In 1921, Britain divided Ireland.
The majority of people in Northern Ireland want to remain under Protestant British rule, while the majority of Catholics support unification.
However, demographic trends suggest that this next census may accelerate the consolidation process.
“Half of school-age children are Catholic, and only one-third are Protestant. Now, over time, they will work to reach out to voters, that is, they will become voters, not voters at this stage. That will be what we find when we get the results., Reveals researcher Paul Nolan.
The division was once in favor of 60/40 Protestants. The 2011 census shows that this gap has narrowed significantly to three percent.
On Shankil Road in the pro-British, Protestant region, it is said that a Catholic majority does not automatically mean a united Ireland.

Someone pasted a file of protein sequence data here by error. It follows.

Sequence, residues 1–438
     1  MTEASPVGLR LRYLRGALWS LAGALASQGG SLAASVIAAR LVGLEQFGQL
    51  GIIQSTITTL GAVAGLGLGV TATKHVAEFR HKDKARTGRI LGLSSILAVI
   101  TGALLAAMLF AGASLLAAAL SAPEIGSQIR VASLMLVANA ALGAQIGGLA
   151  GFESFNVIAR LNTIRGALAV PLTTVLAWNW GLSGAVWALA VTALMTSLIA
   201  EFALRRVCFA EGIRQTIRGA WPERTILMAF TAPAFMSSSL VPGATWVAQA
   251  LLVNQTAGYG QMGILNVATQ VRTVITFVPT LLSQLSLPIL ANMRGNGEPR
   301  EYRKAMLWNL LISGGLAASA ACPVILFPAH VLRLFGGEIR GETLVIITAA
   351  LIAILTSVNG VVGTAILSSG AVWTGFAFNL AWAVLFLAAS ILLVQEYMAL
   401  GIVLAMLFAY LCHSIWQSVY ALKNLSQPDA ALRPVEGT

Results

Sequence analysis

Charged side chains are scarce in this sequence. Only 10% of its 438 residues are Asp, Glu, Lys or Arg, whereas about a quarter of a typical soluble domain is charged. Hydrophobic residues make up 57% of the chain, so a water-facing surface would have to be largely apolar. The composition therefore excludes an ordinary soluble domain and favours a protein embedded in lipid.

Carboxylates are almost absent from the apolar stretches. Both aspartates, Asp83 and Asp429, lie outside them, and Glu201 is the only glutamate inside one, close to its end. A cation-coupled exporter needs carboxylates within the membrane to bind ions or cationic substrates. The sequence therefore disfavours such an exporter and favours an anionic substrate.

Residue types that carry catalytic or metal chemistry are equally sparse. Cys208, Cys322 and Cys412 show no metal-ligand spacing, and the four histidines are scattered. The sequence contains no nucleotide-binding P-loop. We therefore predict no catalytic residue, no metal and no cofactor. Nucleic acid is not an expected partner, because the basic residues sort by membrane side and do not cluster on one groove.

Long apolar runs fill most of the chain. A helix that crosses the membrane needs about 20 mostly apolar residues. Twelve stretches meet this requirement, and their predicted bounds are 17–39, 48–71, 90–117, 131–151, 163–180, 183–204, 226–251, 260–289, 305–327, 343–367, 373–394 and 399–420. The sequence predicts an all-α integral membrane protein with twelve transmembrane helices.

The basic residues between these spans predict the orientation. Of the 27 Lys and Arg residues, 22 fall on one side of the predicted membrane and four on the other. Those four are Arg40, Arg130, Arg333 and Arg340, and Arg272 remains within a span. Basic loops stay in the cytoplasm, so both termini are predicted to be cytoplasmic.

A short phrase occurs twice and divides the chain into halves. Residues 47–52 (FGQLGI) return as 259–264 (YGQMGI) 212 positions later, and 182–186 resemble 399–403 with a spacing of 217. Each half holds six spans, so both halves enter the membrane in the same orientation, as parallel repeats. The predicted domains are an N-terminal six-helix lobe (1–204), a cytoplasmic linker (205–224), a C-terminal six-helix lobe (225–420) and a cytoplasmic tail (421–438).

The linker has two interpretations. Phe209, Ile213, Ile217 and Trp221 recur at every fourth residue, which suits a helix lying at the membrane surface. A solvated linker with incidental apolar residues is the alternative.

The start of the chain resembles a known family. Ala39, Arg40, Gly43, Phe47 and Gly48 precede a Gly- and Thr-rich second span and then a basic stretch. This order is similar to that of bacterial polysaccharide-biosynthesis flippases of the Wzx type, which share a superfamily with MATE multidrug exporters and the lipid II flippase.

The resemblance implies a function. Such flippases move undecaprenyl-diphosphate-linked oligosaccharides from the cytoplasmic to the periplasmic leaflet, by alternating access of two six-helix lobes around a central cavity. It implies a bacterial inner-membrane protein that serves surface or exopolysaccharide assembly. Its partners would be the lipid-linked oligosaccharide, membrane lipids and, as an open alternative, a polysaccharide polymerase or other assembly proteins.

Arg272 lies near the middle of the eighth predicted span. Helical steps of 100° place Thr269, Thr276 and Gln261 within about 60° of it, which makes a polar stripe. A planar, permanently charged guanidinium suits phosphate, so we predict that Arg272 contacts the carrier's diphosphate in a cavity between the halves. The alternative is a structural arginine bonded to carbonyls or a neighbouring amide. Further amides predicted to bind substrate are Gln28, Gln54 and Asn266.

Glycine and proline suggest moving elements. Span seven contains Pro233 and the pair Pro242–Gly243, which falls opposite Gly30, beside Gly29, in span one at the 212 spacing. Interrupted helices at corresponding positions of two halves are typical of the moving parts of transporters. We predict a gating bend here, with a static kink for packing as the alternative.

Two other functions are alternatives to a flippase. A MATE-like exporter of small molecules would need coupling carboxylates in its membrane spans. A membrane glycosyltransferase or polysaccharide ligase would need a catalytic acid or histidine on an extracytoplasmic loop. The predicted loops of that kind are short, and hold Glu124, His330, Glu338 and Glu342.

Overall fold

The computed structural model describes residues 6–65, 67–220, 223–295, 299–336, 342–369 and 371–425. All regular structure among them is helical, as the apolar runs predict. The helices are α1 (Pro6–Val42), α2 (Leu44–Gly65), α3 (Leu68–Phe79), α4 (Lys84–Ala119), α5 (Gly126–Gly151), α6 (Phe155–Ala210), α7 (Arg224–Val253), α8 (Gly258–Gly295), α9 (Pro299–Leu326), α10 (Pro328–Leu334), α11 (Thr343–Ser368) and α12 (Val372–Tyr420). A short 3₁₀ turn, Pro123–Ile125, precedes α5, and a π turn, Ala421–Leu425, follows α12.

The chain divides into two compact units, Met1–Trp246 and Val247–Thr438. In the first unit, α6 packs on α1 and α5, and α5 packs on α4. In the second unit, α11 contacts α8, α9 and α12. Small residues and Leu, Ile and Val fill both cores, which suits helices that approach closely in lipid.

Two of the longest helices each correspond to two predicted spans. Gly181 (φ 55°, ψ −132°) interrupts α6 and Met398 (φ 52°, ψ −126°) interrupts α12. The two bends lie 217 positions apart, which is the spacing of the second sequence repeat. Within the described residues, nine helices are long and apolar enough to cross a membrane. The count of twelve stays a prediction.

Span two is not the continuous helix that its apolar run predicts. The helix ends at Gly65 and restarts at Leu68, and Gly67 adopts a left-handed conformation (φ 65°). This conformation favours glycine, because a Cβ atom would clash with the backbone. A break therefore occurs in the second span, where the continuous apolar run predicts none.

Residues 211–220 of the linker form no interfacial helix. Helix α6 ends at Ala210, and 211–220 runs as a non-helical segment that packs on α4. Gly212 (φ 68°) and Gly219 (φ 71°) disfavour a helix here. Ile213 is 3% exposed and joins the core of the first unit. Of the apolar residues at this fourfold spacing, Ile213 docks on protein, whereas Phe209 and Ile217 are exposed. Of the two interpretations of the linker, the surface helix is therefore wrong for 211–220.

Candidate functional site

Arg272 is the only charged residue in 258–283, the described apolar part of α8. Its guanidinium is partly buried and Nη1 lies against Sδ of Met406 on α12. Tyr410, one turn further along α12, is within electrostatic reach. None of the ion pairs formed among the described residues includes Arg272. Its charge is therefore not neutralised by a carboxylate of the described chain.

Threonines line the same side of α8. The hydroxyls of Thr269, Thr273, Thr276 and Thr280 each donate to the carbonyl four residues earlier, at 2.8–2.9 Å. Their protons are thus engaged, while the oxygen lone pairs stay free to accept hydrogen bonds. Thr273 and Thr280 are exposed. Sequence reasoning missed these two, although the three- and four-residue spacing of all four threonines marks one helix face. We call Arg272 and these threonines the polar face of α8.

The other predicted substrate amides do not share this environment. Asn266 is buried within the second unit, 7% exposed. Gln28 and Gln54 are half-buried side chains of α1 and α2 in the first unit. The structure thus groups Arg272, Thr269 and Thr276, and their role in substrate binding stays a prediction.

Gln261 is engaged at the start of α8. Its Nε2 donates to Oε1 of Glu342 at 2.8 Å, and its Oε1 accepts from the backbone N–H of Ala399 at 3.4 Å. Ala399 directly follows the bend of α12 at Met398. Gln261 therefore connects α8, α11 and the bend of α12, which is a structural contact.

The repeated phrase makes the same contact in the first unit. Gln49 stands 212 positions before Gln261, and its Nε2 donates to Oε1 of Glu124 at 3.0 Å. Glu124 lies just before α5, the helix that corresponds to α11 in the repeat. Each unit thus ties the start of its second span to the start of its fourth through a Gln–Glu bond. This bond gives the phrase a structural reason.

Says Billy Hutchinson, adviser to the Progressive Unionist Party “Just because there are more Catholics doesn’t mean they want a united Ireland, it means they live in a country with a national health service with social rights. People make decisions based on them, and we can talk about trends, not about anything else. We will understand that.
A 2016 survey revealed that more Catholics are now in the workplace than Protestants
Proponents of her case have been working to make the actual transcript of this statement available online.
“They see the damage that Brexit has done, and it will continue. I think, two unionists, not many people, but some have begun to take a significant part in this conversation about what a new Ireland will look like.“John Fincaine, deputy to Sinn Fin, concludes.
“For the first time in more than 300 years, the number of Protestant Catholics is expected to exceed 300., Reports Euro News journalist Ken Murray.